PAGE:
Property taxes are only part of the picture

Real Estate Tax Talk

Cul-de-sac image via Shutterstock.Cul-de-sac image via Shutterstock.

Do you think your state’s property tax burden is too high?

Before you start complaining how high property taxes are in your state, take a look at the charts below to see not only property taxes are in your state, but total taxes.

Your property taxes may be high for a reason — for example, if, like Florida, your state has no income tax.

First, see how property taxes in your state compare with those in the other 49 states. The following chart shows the amount of local and state property taxes collected per capita in each state in 2009.

Property tax collections by state

State Property tax collections, per capita Rank
Alabama $503 50
Alaska $1,728 10
Arizona $1,119 32
Arkansas $549 49
California $1,465 15
Colorado $1,277 24
Connecticut $2,473 2
Delaware $712 43
Florida $1,589 13
Georgia $1,092 34
Hawaii $983 35
Idaho $813 40
Illinois $1,782 9
Indiana $1,124 31
Iowa $1,305 22
Kansas $1,353 19
Kentucky $663 46
Louisiana $702 45
Maine $1,640 11
Maryland $1,205 27
Massachusetts $1,874 8
Michigan $1,452 16
Minnesota $1,346 20
Mississippi $793 41
Missouri $929 37
Montana $1,301 23
Nebraska $1,437 17
Nevada $1,318 21
New Hampshire $2,240 3
New Jersey $2,663 1
New Mexico $606 47
New York $2,136 5
North Carolina $867 38
North Dakota $1,165 29
Ohio $1,135 30
Oklahoma $597 48
Oregon $1,172 28
Pennsylvania $1,227 25
Rhode Island $2,018 7
South Carolina $970 36
South Dakota $1,111 33
Tennessee $748 42
Texas $1,475 14
Utah $863 39
Vermont $2,056 6
Virginia $1,431 18
Washington $1,226 26
West Virginia $709 44
Wisconsin $1,633 12
Wyoming $2,285 4

Source: taxfoundation.org.

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The chart shows that Florida has pretty high property taxes — 13th highest in the nation. Does that mean a Floridian would save money if he or she moved to a low property tax state like Arkansas, which ranks 49th? Not necessarily.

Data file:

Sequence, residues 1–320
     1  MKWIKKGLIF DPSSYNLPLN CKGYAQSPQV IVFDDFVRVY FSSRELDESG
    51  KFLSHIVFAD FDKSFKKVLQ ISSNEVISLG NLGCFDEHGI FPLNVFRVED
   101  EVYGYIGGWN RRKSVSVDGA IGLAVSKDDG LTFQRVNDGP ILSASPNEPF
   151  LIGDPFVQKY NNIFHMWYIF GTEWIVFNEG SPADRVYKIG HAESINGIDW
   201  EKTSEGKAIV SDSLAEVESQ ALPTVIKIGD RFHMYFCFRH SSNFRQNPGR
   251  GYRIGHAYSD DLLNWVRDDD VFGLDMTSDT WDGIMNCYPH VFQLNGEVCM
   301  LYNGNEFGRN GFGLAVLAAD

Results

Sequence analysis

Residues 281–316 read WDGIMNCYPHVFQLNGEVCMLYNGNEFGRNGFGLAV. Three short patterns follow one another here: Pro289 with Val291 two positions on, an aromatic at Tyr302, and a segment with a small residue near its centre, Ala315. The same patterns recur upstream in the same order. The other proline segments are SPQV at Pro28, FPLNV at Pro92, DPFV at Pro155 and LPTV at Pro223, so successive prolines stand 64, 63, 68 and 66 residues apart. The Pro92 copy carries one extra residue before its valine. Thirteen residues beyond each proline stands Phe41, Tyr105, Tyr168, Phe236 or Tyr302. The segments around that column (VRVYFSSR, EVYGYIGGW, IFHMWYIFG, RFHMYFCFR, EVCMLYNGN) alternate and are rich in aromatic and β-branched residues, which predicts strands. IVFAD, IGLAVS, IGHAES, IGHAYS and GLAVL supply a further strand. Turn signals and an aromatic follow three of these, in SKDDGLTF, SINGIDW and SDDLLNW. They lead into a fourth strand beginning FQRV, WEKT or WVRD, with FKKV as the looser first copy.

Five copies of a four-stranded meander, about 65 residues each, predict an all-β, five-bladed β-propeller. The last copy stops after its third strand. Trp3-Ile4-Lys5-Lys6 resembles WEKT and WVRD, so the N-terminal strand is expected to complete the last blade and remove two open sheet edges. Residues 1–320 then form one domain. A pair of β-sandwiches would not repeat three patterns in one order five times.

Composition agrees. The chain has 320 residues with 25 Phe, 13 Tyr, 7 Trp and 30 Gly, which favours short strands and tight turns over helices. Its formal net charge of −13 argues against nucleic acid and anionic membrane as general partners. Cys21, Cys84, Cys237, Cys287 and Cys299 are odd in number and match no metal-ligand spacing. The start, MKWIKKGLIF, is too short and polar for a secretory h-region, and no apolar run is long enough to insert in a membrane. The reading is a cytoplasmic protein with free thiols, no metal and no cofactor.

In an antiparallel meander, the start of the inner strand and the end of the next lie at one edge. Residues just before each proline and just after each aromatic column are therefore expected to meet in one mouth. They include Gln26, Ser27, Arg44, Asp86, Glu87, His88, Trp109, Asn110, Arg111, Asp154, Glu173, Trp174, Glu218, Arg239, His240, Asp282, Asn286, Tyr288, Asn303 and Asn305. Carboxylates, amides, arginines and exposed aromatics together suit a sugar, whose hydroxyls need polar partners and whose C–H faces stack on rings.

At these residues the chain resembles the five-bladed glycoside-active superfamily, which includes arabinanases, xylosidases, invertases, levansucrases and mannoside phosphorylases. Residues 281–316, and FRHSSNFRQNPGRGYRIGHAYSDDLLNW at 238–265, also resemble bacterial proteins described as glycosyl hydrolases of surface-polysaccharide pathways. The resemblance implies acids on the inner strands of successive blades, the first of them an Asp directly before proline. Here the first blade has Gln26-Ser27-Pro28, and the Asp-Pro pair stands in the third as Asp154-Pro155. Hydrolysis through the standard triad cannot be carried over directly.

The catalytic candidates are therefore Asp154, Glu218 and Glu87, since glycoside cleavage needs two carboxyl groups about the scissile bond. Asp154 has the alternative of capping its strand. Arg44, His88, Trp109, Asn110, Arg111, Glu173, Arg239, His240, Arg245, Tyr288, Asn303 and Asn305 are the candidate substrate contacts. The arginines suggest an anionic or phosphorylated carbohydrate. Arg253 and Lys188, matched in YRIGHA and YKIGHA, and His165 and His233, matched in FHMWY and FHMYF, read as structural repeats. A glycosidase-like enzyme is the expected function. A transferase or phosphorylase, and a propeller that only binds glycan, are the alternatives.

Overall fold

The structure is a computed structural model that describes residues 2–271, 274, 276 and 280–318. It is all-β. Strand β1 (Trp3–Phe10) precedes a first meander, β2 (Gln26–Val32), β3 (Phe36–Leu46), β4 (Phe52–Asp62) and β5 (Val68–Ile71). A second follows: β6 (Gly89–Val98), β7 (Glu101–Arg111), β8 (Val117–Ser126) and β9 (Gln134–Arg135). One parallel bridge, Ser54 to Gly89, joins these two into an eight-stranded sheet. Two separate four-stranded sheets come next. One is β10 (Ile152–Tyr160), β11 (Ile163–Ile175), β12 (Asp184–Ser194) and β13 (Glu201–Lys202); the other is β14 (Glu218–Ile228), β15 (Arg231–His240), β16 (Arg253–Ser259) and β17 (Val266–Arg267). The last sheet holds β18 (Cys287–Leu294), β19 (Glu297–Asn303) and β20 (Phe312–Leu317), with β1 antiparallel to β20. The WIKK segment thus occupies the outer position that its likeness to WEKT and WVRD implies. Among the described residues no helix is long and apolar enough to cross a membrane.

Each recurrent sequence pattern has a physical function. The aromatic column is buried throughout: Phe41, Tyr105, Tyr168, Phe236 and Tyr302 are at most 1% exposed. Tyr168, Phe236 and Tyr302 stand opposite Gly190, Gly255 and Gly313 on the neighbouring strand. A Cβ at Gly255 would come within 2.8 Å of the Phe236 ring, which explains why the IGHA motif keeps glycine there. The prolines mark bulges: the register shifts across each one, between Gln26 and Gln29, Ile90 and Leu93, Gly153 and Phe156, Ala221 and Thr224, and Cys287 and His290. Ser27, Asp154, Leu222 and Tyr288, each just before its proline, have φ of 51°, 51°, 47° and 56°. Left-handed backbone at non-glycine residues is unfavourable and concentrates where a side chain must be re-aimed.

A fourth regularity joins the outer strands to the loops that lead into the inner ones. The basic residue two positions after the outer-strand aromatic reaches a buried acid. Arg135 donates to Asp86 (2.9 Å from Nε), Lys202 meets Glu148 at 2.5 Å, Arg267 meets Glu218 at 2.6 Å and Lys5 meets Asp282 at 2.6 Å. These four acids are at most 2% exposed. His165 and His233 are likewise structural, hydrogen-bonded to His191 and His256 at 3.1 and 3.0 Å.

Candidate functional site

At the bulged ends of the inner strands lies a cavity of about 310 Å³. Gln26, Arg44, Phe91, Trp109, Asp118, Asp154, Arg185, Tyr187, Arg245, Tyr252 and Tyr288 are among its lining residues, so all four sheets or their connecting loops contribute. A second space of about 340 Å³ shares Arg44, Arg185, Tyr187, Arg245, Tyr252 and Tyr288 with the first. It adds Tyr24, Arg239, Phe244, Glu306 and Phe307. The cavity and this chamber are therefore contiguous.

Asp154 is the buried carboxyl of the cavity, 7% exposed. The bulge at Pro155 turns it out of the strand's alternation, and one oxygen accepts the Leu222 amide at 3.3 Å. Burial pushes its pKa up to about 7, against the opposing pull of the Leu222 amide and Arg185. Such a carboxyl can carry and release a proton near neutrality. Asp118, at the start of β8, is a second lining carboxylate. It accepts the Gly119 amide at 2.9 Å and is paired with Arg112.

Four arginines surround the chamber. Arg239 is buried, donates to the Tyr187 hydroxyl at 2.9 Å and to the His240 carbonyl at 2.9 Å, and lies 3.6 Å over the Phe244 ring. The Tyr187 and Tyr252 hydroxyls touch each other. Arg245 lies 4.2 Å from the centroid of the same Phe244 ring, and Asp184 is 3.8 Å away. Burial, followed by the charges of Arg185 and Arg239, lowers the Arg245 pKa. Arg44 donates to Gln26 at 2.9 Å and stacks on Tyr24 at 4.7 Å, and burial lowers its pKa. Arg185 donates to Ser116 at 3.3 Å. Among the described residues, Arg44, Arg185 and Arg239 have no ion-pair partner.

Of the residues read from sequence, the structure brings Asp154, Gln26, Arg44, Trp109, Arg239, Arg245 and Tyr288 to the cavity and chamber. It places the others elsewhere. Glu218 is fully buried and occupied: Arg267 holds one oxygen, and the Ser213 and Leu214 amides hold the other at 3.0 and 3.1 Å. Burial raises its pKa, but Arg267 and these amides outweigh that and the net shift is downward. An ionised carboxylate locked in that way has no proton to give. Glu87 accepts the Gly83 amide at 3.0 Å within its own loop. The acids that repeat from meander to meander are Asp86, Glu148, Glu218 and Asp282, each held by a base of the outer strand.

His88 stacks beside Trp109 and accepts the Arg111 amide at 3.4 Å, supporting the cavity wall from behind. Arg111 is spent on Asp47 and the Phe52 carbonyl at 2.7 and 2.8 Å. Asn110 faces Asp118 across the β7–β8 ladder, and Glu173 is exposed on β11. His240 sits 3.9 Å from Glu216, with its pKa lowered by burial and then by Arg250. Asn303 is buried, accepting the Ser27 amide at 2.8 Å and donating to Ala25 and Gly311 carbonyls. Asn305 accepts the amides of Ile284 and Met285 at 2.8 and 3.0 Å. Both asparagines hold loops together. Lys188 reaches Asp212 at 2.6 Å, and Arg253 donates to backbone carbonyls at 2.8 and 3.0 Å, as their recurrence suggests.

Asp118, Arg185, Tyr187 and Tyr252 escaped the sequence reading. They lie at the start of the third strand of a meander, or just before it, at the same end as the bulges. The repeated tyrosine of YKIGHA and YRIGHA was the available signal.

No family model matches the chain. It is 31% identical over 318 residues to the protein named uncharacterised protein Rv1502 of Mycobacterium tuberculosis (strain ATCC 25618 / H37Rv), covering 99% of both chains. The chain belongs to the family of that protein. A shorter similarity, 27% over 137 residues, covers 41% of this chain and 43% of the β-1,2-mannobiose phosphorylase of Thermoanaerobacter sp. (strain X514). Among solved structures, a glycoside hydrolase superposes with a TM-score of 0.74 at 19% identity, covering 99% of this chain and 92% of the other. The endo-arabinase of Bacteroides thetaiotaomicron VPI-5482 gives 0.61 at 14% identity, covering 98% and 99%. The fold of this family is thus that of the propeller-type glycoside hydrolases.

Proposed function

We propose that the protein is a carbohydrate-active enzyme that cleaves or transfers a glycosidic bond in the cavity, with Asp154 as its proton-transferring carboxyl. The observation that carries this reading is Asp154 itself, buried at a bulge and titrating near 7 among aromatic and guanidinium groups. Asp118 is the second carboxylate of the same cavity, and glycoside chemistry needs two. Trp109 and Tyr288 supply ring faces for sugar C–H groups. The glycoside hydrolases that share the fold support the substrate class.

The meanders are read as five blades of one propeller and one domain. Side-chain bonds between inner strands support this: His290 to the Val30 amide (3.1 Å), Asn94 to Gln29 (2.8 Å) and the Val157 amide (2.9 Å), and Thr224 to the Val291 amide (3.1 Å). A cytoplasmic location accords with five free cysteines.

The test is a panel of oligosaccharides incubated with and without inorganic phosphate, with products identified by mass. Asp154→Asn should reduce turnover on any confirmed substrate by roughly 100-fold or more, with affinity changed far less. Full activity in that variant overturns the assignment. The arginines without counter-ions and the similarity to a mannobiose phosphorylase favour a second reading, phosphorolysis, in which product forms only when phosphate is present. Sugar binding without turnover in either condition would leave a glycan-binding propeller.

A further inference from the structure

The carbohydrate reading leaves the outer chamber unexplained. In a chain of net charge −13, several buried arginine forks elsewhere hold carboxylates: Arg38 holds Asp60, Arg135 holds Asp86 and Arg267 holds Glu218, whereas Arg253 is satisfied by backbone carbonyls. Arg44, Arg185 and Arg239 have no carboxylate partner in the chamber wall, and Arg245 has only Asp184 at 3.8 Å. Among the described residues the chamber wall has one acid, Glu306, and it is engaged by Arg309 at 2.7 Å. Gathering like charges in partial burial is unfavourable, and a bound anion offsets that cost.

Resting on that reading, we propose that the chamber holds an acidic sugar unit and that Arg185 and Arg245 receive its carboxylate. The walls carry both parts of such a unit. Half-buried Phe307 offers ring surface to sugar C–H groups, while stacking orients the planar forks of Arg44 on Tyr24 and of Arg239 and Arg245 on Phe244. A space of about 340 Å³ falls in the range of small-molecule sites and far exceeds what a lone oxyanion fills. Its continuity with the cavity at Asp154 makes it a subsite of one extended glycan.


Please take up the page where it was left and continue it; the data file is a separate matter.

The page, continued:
Each of the 50 states has its own tax system, with its own mix of taxes. In addition to property taxes, these can include:

  • income taxes
  • state sales taxes
  • excise taxes — for example, taxes on gasoline, cigarettes, and liquor
  • user fees — for example, fees to camp in state parks or to drive on state highways, and
  • other taxes, such as death and gift taxes, documentary and stock transfer taxes.

The mix of taxes the states utilize to finance their activities can vary markedly from state to state. For example, seven states don’t have income taxes: Alaska, Florida, Nevada, South Dakota, Texas, Washington or Wyoming.

Five have no state sales taxes: Alaska, Delaware, Montana, New Hampshire and Oregon.

All states have local property taxes, while 36 also have state property taxes.

To determine which states have the highest and lowest taxes you have to look at all of the taxes each state charges, not just property taxes.

There are various ways to measure state total tax burdens. The simplest way is to figure out each state’s taxes per capita — that is, divide the total state taxes paid by the total number of people in the state. The following chart shows the per capita taxes for each state in 2011.

Total state taxes

State Tax revenue per capita Rank
Alabama $4,855 37
Alaska $17,630 1
Arizona $4,195 47
Arkansas $5,957 16
California $5,634 23
Colorado $4,302 45
Connecticut $6,570 12
Delaware $8,091 5
Florida $3,974 48
Georgia $3,807 50
Hawaii $7,453 7
Idaho $4,654 41
Illinois $4,527 42
Indiana $4,836 38
Iowa $5,921 17
Kansas $5,242 30
Kentucky $5,409 26
Louisiana $5,908 18
Maine $6,213 14
Maryland $5,683 21
Massachusetts $6,832 9
Michigan $5,541 24
Minnesota $6,279 13
Mississippi $5,987 15
Missouri $4,511 43
Montana $5,800 20
Nebraska $5,113 32
Nevada $3,848 49
New Hampshire $4,746 40
New Jersey $5,865 19
New Mexico $7,208 8
New York $7,660 6
North Carolina $4,773 39
North Dakota $9,838 3
Ohio $5,371 28
Oklahoma $5,347 29
Oregon $5,400 27
Pennsylvania $5,459 25
Rhode Island $6,788 11
South Carolina $4,893 35
South Dakota $5,028 33
Tennessee $4,313 44
Texas $4,209 46
Utah $4,947 34
Vermont $8,988 4
Virginia $4,863 36
Washington $5,156 31
West Virginia $6,818 10
Wisconsin $5,636 22
Wyoming $10,694 2

Source: taxfoundation.org.

Based on this chart we can see the total mix of taxes in Florida is actually much lower than in Arkansas: Florida ranks 48th, while Arkansas ranks 16th.

Stephen Fishman is a tax expert, attorney and author who has published 18 books, including “Working for Yourself: Law & Taxes for Contractors, Freelancers and Consultants,” “Deduct It,” “Working as an Independent Contractor,” and “Working with Independent Contractors.” He welcomes your questions for this weekly column.

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